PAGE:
Court declines to stop Huduma Namba rollout but lifts compulsory caveat

Machakos Governor Alfred Mutua (third left) joins national government officials in inspecting Masii High School grounds where President Kenyatta is today expected to preside over the launch of the National Integrated Identity Management System. [John Muia, Standard]

The High Court has cleared the biometric registration of Kenyans by the Government, but with limitations to the scope of personal details that can be accessed.

Judges barred the State from taking DNA and GPS location details from Kenyans until the case filed before them challenging the rollout of the National Integrated Identity Management System (NIIMS) is determined.

A three-judge bench composed of Weldon Korir, Mumbi Ngugi and Pauline Nyamweya yesterday declined to stop the Government from digitising biodata gathered from Kenyans, but ruled that the exercise should not be mandatory.  

Lifted deadline

President Uhuru Kenyatta will today launch the programme in Machakos as other leaders oversee simultaneous exercises in various counties. Deputy President William Ruto will be in Kakamega, Raila Odinga (Mombasa), Musalia Mudavadi (Kajiado) and Kalonzo Musyoka (Murang’a).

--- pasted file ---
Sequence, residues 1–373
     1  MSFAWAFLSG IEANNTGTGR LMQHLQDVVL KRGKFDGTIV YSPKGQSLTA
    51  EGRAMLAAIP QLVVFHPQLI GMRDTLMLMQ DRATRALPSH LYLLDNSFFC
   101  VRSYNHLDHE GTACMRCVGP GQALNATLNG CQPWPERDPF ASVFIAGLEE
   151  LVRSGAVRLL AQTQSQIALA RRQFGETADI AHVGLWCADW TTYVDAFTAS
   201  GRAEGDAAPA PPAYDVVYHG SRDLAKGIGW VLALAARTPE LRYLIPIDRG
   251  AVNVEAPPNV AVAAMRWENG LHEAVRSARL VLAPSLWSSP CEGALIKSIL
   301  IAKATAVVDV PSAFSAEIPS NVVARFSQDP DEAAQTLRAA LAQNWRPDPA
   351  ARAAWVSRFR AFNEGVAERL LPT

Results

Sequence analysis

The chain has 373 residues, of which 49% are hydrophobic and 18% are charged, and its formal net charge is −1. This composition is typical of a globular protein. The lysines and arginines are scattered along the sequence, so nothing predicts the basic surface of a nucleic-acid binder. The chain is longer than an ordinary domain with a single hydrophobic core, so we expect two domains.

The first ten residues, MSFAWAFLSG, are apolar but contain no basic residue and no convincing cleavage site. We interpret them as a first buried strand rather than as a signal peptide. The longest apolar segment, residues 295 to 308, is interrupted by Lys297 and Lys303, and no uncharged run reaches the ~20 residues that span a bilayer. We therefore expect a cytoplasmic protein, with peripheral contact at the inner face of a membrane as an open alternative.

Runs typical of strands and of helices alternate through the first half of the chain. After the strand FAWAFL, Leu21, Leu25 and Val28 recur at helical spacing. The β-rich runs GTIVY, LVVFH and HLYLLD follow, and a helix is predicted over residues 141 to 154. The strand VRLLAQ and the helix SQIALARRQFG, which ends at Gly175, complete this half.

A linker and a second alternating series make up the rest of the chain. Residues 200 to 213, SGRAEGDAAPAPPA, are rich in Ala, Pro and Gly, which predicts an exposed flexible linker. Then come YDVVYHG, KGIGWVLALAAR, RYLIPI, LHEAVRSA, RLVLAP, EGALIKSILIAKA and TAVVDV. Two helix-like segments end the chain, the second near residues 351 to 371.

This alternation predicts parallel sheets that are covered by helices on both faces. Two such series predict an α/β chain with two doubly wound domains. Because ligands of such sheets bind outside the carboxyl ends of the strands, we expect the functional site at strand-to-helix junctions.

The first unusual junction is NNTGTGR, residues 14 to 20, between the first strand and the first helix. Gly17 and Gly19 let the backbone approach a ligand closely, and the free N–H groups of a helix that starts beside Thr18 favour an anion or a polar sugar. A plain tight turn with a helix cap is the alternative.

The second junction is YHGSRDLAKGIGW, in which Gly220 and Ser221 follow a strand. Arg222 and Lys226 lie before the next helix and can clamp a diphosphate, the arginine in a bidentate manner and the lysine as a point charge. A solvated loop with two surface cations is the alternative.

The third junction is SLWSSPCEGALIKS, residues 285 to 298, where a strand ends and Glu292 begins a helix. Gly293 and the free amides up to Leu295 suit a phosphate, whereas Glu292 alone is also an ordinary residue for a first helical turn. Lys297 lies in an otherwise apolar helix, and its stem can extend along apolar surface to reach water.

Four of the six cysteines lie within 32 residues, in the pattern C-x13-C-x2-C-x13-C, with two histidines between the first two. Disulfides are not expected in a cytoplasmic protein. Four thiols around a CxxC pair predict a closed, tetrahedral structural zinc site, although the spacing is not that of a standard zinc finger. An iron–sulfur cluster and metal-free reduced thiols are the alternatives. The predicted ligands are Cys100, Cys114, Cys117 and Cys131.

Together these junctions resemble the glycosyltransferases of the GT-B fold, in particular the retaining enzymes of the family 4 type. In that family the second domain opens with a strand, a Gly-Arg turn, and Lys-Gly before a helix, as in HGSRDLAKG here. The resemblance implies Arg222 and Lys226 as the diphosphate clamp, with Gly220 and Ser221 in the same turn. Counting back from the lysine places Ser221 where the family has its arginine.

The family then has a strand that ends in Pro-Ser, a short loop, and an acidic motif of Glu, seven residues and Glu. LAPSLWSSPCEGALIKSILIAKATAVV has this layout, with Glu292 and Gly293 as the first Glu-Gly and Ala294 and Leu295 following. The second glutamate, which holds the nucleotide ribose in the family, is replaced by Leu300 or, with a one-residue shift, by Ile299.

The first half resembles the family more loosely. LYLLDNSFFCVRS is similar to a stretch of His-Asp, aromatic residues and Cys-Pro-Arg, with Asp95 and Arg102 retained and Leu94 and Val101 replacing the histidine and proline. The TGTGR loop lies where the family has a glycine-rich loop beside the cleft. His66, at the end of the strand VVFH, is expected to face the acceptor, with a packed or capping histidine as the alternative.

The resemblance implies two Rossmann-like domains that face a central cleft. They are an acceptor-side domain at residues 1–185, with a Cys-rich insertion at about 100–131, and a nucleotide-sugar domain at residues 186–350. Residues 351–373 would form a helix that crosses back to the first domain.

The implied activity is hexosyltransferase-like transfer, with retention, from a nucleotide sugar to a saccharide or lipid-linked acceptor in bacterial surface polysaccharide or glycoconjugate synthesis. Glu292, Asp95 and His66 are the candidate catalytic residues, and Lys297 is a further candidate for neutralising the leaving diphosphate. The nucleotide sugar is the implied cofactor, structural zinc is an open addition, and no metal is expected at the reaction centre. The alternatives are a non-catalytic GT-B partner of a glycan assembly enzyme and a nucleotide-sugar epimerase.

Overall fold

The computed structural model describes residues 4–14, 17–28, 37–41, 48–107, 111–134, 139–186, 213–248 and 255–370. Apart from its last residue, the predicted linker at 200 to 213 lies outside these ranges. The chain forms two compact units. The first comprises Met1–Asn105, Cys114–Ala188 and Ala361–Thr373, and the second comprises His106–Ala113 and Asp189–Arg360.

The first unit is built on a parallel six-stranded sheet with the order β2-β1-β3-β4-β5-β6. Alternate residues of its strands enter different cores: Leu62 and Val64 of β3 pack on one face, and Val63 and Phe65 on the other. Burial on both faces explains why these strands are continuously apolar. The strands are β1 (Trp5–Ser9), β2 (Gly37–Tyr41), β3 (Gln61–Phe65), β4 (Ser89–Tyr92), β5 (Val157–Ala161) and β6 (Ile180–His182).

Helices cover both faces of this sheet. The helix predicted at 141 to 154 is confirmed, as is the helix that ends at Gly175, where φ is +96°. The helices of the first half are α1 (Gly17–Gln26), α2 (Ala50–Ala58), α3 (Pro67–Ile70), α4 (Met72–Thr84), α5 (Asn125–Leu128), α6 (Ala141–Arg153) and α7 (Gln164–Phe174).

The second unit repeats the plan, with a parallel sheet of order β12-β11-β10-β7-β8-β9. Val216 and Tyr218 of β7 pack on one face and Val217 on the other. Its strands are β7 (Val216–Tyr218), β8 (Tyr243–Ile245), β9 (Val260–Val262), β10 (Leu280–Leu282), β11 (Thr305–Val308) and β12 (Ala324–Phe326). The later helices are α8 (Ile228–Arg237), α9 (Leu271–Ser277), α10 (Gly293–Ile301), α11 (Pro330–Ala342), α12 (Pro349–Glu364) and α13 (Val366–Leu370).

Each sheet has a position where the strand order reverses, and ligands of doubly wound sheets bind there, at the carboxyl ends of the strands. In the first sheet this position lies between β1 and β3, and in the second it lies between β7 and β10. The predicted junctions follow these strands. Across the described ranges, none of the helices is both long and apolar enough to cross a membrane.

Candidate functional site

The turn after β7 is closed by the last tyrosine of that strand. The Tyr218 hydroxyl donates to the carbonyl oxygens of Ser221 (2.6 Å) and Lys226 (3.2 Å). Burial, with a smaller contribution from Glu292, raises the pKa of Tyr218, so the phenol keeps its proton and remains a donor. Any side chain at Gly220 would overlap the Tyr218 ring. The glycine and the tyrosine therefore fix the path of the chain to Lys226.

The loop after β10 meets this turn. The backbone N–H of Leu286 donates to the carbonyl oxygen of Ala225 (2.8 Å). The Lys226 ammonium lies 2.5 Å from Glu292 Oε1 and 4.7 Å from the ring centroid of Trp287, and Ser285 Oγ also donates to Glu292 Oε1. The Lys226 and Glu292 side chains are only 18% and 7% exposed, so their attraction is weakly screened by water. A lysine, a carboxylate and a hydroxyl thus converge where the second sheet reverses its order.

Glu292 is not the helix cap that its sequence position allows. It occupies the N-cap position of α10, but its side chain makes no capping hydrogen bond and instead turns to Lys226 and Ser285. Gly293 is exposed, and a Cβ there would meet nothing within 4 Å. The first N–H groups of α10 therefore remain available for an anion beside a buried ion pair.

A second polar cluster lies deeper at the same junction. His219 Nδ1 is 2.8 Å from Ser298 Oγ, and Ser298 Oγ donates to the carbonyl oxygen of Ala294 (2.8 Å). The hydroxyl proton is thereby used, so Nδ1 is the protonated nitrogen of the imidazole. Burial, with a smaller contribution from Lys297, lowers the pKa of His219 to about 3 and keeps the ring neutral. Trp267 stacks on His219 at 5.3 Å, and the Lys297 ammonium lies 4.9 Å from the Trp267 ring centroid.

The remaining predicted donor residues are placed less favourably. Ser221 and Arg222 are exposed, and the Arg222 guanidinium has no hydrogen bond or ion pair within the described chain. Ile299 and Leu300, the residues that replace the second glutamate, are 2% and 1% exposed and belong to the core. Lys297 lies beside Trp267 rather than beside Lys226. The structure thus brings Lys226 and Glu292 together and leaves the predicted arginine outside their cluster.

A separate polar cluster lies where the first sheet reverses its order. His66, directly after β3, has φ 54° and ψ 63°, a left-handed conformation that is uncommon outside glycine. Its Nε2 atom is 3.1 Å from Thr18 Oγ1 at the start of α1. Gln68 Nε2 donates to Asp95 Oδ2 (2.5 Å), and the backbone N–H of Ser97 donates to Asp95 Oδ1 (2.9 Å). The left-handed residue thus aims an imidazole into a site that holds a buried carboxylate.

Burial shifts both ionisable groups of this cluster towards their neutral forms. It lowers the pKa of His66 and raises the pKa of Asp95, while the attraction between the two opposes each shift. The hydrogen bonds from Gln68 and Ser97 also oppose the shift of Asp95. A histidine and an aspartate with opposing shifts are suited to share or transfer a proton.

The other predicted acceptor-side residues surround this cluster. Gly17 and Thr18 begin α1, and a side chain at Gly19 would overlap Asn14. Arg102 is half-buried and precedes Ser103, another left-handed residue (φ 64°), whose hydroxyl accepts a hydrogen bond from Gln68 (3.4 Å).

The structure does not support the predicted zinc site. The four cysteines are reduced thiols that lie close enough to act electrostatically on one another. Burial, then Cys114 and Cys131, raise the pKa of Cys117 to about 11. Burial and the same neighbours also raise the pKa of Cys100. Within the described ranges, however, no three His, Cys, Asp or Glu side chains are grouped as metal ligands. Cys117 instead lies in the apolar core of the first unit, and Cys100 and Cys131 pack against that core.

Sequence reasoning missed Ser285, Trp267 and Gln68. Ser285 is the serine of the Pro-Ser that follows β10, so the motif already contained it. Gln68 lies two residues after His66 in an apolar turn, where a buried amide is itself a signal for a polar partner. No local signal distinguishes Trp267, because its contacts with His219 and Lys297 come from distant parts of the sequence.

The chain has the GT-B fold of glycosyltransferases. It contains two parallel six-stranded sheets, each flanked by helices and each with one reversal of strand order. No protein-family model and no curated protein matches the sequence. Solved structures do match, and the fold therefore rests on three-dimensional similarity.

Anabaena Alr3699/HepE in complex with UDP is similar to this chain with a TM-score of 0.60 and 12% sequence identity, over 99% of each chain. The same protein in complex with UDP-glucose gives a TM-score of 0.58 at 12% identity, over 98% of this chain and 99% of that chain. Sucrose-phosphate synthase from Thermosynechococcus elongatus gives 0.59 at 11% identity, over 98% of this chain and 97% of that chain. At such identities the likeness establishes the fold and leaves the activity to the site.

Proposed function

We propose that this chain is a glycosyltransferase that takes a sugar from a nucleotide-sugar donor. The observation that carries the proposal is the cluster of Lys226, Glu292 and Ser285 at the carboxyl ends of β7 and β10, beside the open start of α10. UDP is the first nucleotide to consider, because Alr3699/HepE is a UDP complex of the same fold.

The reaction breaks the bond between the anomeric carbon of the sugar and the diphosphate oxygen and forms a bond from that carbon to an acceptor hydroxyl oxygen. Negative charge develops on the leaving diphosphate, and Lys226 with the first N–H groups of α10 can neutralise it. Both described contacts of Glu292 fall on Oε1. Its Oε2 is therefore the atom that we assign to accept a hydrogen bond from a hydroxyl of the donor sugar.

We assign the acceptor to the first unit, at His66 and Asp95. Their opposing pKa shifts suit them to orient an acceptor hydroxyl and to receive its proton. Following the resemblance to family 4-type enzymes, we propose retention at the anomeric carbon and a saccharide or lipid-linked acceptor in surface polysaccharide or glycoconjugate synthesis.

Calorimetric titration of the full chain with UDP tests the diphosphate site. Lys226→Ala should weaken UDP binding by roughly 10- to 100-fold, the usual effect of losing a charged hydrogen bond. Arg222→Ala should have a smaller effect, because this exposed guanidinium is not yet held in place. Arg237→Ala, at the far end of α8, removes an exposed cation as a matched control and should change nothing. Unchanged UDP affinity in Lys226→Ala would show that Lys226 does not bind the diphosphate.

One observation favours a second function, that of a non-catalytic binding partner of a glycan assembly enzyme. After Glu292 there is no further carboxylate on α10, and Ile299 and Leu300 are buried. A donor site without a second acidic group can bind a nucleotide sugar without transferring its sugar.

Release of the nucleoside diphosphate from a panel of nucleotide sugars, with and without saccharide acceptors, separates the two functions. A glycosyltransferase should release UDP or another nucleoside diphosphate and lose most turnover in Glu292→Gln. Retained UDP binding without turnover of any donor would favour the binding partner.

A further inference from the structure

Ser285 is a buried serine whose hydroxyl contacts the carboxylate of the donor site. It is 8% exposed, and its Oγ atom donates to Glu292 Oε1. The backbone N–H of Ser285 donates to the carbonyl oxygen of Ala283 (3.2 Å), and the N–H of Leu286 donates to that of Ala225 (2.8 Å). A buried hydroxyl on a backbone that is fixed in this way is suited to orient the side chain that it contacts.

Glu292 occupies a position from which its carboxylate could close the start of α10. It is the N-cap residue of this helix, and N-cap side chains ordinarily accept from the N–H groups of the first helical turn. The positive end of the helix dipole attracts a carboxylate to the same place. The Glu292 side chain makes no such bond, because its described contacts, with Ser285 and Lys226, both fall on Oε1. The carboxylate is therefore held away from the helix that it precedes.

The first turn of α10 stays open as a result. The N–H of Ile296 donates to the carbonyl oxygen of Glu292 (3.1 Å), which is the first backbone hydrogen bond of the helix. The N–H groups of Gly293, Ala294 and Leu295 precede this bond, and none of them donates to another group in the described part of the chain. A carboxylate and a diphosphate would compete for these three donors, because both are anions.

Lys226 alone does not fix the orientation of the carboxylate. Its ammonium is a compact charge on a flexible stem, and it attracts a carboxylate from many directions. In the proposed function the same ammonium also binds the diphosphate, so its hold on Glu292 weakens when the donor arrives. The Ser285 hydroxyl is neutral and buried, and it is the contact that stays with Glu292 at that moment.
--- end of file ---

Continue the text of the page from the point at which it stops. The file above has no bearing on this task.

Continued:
Yesterday, the judges were of the view that the Government will continue collecting the other identifiers but from Kenyans who are willing to share them.

The Government has said the Huduma Namba issued to every individual after registration will be mandatory to access its services.  

But the judges, who also lifted the deadline for the exercise, said registration should not determine access to Government services.

“The inclusion of DNA be hereby suspended. For avoidance of doubts, the remaining identifiers shall continue to be in operation. No one will be compelled to give their data. Also the timelines have been suspended,” the judges ruled in a decision read by Justice Nyamweya.

Government services

She continued: “It will not be a condition for Kenyans to access Government services.”

The case was filed by the Kenya Human Rights Commission and the Kenya National Commission on Human Rights through lawyers Jackson Awele and Waikwa Wanyoike.

The lobby groups argued that there was no assurance that the NIIMS was hack-proof.

According to the lobby groups, both the National Assembly and the Executive did not take any input from Kenyans before coming up with the contested registration law. They also did not explain how the collected digital data would be secured.

Mr Awele argued there was a likelihood of the data being misused or even accessed by criminals to fleece Kenyans. 

He told the court that the law assented to by President Kenyatta on December 31 last year unfairly locked out Kenyans who did not give their information from accessing Government services.

Awele said the new law did not define what constitutes personal information.

According to the State, NIIMS ought to generate a unique identification number, dubbed Huduma Namba, for each person who is registered.